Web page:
Modernize Technical Contributor Tooling
Invest into modern and efficient developer tooling for technical contributors maintaining community tooling (such as Toolforge tool authors, Cloud VPS project owners, bot and power user app authors, gadget developers, template and module editors, AbuseFilter managers), possibly by coordinating and expanding existing capacities (such as the WMF Cloud Services, Technical Engagement and Developer Productivity teams) and adding new where needed (such as on-wiki tool support).
This effort should encompass areas where we already provide technical support but it falls short of the developer experience contributors are used to outside the Wikimedia world (such as our community infrastructure and platform offerings, or editing interfaces for on-wiki code) and areas where contributors are largely on their own today (such as code sharing and localization, code review, continuous integration and code deployment for on-wiki code, or logging and monitoring for hosted code), and have the mandate and resourcing to review past design choices through the lens of developer experience (e.g. replace home-grown or uncommon languages with popular ones, allow using common tools, paradigms and libraries, interactive computing for bots), and through the lens of identifying capability gaps for our knowledge as a service aspirations (e.g. can our execution platforms such as Scribunto and gadgets enable maintenance work in a scalable and robust manner, or allow for delivering quality experiences for niche reader needs in a secure way?).
Becoming the infrastructure of free knowledge is a vast undertaking and will require a large increase of technical capacity. It will especially require us to address the capacity blindspot we currently have around power user tooling - power users heavily rely on decentralized tools (gadgets, templates and Lua modules, Toolforge tools, bots, desktop apps) built by members of their own community who are expert in their problems, workflows and use cases (and this is especially true for machine-readable and largely machine-maintained projects like Wikidata, which are particularly important for knowledge as a service), but we don’t understand and support these tool maintainer communities, and the development environments we provide them are substandard and frustrating to use (and in some cases, expose tool users to risk due to the lack of sufficient decoupling). If we expect them to be able to scale up to the challenges of the strategic direction, we need to provide them with adequate tooling.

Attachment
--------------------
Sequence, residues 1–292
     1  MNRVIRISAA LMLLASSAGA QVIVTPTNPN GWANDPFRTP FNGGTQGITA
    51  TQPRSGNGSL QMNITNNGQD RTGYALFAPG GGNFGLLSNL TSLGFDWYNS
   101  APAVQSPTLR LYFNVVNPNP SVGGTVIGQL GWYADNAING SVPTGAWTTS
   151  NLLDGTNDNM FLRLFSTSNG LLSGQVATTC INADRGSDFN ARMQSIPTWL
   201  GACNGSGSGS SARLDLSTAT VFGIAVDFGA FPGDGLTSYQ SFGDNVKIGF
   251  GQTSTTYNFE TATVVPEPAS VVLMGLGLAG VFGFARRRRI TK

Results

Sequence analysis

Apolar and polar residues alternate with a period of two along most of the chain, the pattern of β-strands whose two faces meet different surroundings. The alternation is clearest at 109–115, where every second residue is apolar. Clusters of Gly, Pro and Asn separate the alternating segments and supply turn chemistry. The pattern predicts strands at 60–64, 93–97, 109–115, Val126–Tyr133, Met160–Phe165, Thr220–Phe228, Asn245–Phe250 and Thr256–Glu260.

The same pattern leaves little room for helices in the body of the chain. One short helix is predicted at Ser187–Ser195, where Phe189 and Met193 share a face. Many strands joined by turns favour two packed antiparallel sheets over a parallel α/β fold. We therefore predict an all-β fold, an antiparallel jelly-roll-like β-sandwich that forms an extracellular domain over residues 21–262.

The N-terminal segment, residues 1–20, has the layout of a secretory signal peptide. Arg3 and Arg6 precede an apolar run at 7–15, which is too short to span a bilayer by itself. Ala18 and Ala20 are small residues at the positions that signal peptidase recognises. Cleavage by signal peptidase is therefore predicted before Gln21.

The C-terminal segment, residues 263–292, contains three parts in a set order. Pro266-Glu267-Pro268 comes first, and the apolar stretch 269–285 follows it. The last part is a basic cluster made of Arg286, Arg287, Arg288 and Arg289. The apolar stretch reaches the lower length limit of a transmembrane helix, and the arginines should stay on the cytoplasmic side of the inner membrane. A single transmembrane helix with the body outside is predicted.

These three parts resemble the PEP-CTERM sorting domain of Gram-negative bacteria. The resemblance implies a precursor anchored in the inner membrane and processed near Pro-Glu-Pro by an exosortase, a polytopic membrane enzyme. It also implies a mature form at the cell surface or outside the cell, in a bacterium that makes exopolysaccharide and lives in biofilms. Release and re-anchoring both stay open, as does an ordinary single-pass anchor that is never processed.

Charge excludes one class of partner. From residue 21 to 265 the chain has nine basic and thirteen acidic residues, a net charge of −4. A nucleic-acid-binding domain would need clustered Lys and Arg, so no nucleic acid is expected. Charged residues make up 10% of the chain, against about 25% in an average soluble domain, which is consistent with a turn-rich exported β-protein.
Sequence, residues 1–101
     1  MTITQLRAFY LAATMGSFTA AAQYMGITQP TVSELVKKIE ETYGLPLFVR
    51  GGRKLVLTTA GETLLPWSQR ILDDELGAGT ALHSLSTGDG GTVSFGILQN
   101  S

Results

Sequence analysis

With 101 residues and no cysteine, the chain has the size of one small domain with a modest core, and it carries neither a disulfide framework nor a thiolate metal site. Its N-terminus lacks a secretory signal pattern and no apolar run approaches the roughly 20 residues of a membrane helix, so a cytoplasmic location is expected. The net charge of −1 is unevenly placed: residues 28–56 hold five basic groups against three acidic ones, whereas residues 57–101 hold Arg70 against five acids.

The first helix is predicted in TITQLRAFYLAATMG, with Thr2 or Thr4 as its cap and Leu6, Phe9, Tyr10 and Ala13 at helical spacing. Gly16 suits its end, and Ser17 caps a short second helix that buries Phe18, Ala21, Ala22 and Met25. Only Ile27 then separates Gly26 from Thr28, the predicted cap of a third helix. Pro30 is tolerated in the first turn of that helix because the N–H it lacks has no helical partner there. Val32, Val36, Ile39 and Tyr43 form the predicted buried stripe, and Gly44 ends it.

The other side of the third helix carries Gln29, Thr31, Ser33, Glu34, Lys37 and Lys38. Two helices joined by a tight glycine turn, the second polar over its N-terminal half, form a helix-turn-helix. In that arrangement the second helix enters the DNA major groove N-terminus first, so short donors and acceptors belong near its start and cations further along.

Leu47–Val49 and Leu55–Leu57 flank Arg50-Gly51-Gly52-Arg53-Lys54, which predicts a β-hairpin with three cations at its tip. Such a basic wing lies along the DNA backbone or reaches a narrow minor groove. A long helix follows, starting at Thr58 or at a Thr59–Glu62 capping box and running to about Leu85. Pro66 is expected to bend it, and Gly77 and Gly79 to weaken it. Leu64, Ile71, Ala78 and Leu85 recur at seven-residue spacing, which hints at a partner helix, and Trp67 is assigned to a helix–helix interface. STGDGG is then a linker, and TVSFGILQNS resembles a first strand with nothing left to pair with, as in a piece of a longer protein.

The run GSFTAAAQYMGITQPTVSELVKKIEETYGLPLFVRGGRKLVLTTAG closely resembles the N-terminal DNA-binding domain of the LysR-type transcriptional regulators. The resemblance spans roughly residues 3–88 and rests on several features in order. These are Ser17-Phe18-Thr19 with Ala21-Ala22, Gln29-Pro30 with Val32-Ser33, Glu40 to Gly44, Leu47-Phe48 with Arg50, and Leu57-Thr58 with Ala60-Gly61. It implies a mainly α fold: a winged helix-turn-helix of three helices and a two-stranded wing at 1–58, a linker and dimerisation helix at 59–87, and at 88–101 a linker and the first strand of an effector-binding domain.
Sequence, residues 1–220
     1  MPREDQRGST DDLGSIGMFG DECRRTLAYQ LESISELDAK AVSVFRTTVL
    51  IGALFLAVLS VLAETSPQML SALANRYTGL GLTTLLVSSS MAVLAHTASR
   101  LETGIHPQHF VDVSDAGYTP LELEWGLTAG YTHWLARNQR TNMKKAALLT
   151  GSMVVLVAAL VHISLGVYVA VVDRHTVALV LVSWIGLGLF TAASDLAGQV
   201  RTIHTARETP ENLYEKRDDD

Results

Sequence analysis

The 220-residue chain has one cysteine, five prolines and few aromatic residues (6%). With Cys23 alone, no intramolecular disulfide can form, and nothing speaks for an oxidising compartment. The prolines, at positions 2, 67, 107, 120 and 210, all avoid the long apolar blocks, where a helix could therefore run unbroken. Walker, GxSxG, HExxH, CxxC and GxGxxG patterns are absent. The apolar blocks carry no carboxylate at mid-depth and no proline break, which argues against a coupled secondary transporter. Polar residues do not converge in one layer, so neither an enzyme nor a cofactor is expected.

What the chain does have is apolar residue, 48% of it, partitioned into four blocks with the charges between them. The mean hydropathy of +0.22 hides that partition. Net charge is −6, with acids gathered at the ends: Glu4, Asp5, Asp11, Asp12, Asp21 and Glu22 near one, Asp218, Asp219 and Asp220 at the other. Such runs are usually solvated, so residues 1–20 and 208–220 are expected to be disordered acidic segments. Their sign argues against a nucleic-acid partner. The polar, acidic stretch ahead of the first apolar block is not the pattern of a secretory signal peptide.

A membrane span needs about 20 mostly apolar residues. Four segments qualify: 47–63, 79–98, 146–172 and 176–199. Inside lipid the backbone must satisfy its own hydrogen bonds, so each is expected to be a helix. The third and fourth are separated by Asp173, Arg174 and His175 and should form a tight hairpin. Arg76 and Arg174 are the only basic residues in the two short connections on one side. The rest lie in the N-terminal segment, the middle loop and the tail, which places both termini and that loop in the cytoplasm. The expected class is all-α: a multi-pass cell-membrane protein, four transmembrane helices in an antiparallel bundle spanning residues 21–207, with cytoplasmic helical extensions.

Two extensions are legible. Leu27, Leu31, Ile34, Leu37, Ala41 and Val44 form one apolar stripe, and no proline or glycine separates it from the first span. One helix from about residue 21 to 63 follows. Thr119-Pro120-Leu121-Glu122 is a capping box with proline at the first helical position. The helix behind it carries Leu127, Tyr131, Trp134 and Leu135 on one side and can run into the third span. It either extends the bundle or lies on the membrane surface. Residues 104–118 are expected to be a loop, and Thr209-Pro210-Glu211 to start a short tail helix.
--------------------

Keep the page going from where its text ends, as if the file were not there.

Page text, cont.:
This recommendation aims at building technical capacity for the niches - user groups which are currently poorly served by the large movement organizations which are mainly concerned with the core reader and editor experiences shared among many projects and demographics. To attract, retain and enable the technical contributors who are well-positioned to serve these niches, we need to invest in giving them the development platforms they need, closer to parity with the tooling they have come to expect outside Wikimedia. Having to deal with non standard tooling and complicated workflows to get the work done will alienate many of those contributors; we would like to see a sustainable and coherent way of supporting and attracting them.